Defensive Score Sheet: Michigan State 83, Wisconsin 75

Are the Spartans finally healthy? If Saturday's game against Wisconsin was any indication the answer is a scary, "Yes!" for all other NCAA Tournament teams.

There's a lot of pre-NCAA Tournament work on the docket so here's the defensive score sheet from the game that sets up the first-ever Michigan State-Michigan matchup in Big Ten Tournament history:


  • It would appear MSU's biggest problem in this game - other than seemingly fighting with the officials as the ticky-tack fouls piled up early in the second half to make the game much closer than it should have been - is complacency. The Spartans could have run the Badgers out of the gym but took the foot off the glass and had to withstand some late-game pressure. The dominance started on the defensive end as the Spartans' D was air tight as a five-man squad.
  • Denzel Valentine will continue to be a big X-Factor for the Spartans. When he's on defensively it sparks his teammates and allows the Spartans to get out in transition easier. He'll always be a mismatch as a 6-7 wing and opponents should struggle against him daily. It's up to Valentine to make that a reality like he did against Wisconsin.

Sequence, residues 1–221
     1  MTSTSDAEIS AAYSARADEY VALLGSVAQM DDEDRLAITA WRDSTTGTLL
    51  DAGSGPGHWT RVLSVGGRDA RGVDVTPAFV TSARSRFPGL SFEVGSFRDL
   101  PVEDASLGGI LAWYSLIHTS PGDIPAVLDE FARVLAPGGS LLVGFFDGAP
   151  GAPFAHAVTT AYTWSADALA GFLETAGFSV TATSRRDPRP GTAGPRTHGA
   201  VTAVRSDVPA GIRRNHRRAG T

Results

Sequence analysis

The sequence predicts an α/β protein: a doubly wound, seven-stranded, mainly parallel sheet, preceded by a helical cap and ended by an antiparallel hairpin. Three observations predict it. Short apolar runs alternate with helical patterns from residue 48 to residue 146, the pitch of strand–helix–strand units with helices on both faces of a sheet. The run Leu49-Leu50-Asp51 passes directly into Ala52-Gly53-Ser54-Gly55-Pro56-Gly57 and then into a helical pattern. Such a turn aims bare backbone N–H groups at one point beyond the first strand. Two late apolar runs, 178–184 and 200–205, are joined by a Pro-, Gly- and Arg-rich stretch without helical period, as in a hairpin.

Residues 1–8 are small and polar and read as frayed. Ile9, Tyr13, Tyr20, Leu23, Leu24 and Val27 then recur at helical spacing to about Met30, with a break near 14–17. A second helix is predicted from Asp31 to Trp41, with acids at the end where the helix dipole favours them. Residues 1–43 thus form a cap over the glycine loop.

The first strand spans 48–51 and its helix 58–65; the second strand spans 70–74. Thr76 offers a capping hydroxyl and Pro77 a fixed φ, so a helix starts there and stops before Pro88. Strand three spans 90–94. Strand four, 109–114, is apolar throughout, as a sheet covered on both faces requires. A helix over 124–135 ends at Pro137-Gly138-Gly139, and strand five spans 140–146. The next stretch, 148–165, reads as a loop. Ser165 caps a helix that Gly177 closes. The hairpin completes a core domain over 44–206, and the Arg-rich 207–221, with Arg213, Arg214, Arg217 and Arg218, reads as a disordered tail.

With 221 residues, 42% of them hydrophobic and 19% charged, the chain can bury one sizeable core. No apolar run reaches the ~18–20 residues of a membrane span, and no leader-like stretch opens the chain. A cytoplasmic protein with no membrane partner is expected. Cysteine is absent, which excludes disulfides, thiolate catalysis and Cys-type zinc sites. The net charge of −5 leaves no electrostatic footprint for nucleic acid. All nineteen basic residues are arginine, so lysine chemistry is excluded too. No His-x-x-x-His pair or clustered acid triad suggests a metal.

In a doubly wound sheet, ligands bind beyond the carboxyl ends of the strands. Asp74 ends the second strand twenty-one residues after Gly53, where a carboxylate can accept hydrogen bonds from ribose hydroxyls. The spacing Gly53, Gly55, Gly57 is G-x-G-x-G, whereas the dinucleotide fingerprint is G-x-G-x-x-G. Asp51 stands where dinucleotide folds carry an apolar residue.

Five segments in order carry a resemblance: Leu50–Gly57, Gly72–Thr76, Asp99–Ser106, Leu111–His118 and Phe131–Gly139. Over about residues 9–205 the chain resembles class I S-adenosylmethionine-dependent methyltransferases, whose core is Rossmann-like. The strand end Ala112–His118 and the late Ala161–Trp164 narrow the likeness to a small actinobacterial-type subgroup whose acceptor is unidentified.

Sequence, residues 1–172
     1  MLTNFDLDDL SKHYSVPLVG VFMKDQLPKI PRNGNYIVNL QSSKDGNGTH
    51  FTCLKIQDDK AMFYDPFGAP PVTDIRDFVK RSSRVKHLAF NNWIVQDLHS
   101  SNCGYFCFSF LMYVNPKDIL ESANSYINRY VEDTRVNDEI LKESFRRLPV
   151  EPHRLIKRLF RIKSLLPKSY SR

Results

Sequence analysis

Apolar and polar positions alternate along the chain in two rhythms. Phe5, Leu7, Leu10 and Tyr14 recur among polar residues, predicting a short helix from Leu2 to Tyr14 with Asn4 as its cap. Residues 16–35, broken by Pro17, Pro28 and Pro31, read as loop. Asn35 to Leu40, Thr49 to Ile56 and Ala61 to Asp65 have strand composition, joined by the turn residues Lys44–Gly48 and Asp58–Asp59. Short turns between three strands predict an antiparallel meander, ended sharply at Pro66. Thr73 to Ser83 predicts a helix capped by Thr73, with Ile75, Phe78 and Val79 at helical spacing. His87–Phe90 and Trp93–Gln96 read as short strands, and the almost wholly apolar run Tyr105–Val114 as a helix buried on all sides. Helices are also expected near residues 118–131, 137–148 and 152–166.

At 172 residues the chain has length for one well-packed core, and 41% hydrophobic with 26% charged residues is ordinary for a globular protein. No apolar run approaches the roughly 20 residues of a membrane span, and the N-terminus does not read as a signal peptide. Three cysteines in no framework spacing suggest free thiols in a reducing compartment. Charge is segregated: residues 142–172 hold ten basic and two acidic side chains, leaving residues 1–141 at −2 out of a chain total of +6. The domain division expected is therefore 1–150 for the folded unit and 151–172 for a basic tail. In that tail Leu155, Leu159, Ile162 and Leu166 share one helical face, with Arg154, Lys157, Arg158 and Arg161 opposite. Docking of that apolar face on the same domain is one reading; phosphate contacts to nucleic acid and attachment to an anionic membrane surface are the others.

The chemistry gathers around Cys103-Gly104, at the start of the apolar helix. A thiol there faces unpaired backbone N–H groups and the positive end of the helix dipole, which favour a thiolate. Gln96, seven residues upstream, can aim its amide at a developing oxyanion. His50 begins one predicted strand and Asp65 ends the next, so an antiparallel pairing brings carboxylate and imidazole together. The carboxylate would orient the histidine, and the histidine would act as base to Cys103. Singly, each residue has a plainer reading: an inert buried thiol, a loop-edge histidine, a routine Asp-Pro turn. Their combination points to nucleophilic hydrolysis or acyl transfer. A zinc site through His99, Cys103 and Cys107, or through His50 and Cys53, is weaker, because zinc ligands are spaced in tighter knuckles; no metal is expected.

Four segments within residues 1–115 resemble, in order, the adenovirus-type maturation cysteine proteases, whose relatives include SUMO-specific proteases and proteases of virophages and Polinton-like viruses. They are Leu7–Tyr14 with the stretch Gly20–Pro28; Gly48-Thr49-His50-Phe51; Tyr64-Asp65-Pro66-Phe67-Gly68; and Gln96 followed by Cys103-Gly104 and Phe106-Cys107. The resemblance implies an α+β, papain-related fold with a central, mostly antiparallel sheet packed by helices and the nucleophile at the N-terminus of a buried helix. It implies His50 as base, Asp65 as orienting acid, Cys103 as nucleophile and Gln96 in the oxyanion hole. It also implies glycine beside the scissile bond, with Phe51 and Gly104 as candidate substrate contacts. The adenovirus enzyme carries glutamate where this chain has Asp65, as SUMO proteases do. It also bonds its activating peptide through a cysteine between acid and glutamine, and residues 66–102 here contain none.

• One of the nation's more underrated players, Traevon Jackson, is a terrific "glue guy" for Wisconsin. He's not flashy but he gets the job done and does a lot of dirty work. If his D continues at this level in the NCAA Tournament it would be more likely than not that Bo Ryan reaches his first Final Four.
The Defensive Score Sheet Project's initial explanation is here. More concise explanations are in this post, but here is a short rundown:
  • Min - Minutes played
  • DREB - Defensive Rebounds
  • FM - Forced field goal miss (includes blocks)
  • FTO - Forced Turnover (steals, charges taken)
  • FFTA - Forced missed Free Throw Attempt
  • DFGM - Allowed Defensive Field Goal Made
  • DFTM - Allowed Free Throw Made
  • DRtg - Defensive Rating (Gives players credit for stops and scoring possessions)
*The DRtg is most important part of a defensive score sheet as it is the analog of an offensive rating. If a player was on the floor for 100 of his team's defensive possessions, the DRtg calculates the number of points the opposition would score.

[NOTE: Deuce2Sports' defensive charting has been noted on Sports Illustrated's Web site twice this season by college basketball writer Luke Winn.]